Cruise line offers first gay weddings at sea
A cruise liner has begun offering legal same-sex weddings at sea, in a new first.
P&O Cruises this week became the first British cruise line to offer same sex weddings at sea, with ceremonies beginning in January 2018.
The change comes after a court victory in Bermuda, where the country’s Supreme Court struck down a ban on same-sex weddings.
As the company’s fleet is primarily registered in Bermuda, it is able to offer legally-recognised same-sex unions at sea for the first time.
UK law forbids any marriage to be carried out at sea, which is why many cruise companies who wish to perform marriages register in other countries.
Couples tying the knot on P&O ships will be issued a Bermudan marriage certificate.
The first ceremony is set to be held in the Caribbean in January 2018, aboard the ship Azura.
P&O Cruises exec Paul Ludlow said: “I am delighted that following this much anticipated change in the legalities we are now the first British cruise line to be able to arrange same sex weddings on board.
“Weddings at sea are very romantic and getting married by the Captain in the middle of the ocean is an unforgettable experience.”
According to the company, the wedding ceremony will usually be performed by the ship’s Captain, unless they are “unavailable”.
PinkNews asked whether this means Captains will be offered an opt-out from performing same-sex wedding ceremonies if they have a religious objection to doing so.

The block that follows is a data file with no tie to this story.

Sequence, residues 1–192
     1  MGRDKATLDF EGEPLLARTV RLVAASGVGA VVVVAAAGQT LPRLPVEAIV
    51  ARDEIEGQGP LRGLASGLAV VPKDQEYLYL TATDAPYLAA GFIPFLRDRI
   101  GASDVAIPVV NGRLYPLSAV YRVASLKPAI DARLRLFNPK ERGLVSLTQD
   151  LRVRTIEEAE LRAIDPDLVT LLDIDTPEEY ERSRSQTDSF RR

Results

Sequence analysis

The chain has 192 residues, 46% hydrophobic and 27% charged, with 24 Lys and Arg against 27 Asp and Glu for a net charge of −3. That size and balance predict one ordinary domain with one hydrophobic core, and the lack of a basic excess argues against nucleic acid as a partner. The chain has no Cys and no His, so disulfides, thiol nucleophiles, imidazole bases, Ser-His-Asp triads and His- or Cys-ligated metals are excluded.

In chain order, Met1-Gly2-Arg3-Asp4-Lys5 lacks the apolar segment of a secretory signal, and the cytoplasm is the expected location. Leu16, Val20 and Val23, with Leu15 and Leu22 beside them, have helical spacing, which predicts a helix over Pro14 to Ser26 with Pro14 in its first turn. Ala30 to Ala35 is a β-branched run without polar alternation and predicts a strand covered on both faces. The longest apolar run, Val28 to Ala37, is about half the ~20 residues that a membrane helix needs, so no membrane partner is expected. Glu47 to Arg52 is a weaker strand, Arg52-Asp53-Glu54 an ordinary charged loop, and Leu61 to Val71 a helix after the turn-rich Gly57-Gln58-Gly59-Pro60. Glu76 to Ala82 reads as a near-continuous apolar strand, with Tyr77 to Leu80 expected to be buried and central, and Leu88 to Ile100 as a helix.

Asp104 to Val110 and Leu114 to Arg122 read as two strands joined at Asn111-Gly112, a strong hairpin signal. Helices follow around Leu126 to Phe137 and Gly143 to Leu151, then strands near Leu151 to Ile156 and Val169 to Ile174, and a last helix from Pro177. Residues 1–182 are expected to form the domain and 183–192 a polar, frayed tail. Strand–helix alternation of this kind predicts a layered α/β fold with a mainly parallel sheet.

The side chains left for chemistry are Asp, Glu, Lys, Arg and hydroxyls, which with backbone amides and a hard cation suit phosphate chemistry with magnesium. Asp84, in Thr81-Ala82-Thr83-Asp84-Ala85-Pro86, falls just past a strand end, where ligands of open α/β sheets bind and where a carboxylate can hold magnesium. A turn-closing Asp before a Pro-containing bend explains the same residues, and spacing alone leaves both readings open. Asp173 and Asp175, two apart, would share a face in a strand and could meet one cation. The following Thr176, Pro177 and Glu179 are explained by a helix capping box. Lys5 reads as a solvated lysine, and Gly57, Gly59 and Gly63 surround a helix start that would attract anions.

A P&O spokesperson said: “All our captains are very supportive and look forward to conducting many ceremonies on board.”
The first same-sex coupled tied the knot in Bermuda earlier this year, after the country’s Supreme Court ruled that a ban on same-sex unions is a discriminatory violation of human rights.
The Bermudan government subsequently confirmed it would not appeal against the ruling.
However, the issue may not remain settled indefinitely.
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An MP has already introduced a bill which would re-ban same-sex marriage in Bermuda.
The bill, which is likely to win support from anti-LGBT lawmakers, could risk derailing the plans entirely.
However, Minister of Home Affairs Patricia Gordon Pamplin insisted: “The Government acknowledges the Supreme Court ruling and upon legal advice, we have determined that we will not lodge an appeal against the judgment.
“While we accept that wide spread support of this very sensitive and emotive issue of marriage equality is difficult to achieve, we do, however, recognize that as a community we must be able to have open and honest conversations which help to encourage awareness, understanding, tolerance and respect for one another.
“We will abide by the decision of the judiciary, and will implement the necessary steps to ensure compliance with the judgement.”